The clock reads midnight, and I’m wide awake in bed, my phone inches from my face, the blue light illuminating my eyes in the dark.
For the past hour or so I’ve been scrolling through the public community boards on BabyCenter, a resource for hopeful and expectant parents that’s “committed to providing the most helpful and trustworthy pregnancy and parenting information in the world.”
Much of the information on BabyCenter is practical stuff for first-time parents: There are lists of pregnancy symptoms, a birth-plan worksheet, a registry checklist. But the community side of BabyCenter — where people who can get pregnant, the majority of whom identify as women, gather to exchange stories, advice, and insight — is where I found myself in late November 2020, after I miscarried my first pregnancy.
The first days after I got a positive pregnancy test were a whirlwind of shock and excitement. I tested early; as advertised on the pink pregnancy-test box, results are reliable from five days before your expected period. On Thanksgiving Day, I passed on offers of wine, but I was well aware that the first stage of pregnancy is precarious; around one in four pregnancies end in miscarriage, 85 percent of those in the first trimester. I hoped that knowing those numbers would prepare me for potential disappointment. But when, on the day of my expected period, I used the bathroom before bed and found myself staring at tendrils of blood in the toilet bowl, I was overcome by grief.
On BabyCenter, I found the only people who could truly understand my pain.
The bleeding was only slightly heavier than a regular period, so I resisted an emergency room visit. Instead, I gritted my teeth and called the midwife we had settled on if I ever had a viable pregnancy. A two-minute description of my symptoms confirmed that I had indeed miscarried. During the day, I ping-ponged around the internet, searching for a possible explanation. At night I stared at the ceiling, whispering “Why?” into the darkness.
I was in a mental fog when I discovered the BabyCenter community boards. There, I found the only people who could truly understand my pain — but I only ever lurked, too embarrassed to post any of my own questions. Instead, I pounced on posts with titles like “Did I have a chemical pregnancy (5 weeks)?” A chemical pregnancy is the phenomenon in which elevated hormones associated with pregnancy are picked up by a test but cannot be verified with an ultrasound or fetal heartbeat. This is, as it turned out, what happened to me.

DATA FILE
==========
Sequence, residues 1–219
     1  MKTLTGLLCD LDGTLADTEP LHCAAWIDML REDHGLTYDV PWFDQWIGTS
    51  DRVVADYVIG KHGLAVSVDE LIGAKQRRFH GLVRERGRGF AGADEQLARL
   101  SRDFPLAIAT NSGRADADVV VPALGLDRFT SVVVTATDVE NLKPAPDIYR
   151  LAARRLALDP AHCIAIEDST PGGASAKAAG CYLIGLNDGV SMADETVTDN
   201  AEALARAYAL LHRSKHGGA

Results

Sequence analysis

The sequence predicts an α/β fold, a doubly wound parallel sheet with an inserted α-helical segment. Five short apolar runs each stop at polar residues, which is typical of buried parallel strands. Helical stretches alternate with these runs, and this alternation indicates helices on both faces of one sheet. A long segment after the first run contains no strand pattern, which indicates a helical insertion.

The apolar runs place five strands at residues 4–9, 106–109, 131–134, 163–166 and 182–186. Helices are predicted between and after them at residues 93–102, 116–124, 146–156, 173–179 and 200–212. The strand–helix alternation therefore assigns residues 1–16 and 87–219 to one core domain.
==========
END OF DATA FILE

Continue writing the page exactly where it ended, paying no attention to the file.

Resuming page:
I quickly learned the message board lingo, too: TTC is trying to conceive, O is ovulation, DPO is days past ovulation, and POAS is pee on a stick. DD and DS mean dear son and daughter, respectively, and are used to address future (and current) offspring. BFP — big fat positive — is the holy grail of BabyCenter. The message boards are filled with desperate pleas like, “Please - is this a bfp??... Just don’t know if I’m just wishing for a line.”
On BabyCenter, women like me who didn’t feel the need to move on, get over, or forget about their pregnancy losses find a refuge. I continued wasting money on stacks of pregnancy tests that would end up in the trash — only to be fished out 30 minutes later for just one more look at that line — but at least I no longer felt isolated.
The volatile mixture of emotions I felt was immediately validated on BabyCenter.
BabyCenter confirmed that there were other women like me who were similarly preoccupied, though their usernames made them relatively anonymous. I wouldn’t have survived the weeks after my miscarriage without the community boards, where I learned that it is typical to obsess and overthink after a pregnancy loss, not embarrassing or shameful. The volatile mixture of emotions I felt — anger that this had happened, shame that I couldn’t move past it — was immediately validated on BabyCenter.
“When a woman loses a baby, the best way for her to deal with it is to talk to other women who have gone through the same thing,” explains Dr. Yaakov Abdelhak, maternal fetal medicine specialist at Integrative Obstetrics in Jersey City, New Jersey. “When you realize that other people have gone down the same route — that you’re not insane and you almost can’t think about anything else — you start realizing, ‘Oh, yeah, I’m normal.’”
Abdelhak adds that for women who aren’t part of a strong, close-knit community, internet sites like BabyCenter fill that gap. But the downside is “if you go looking for information to support what you believe, you will absolutely find it,” he says, “And then it will reinforce your belief, and you will go down that road even more confidently, even if it is a bad road.”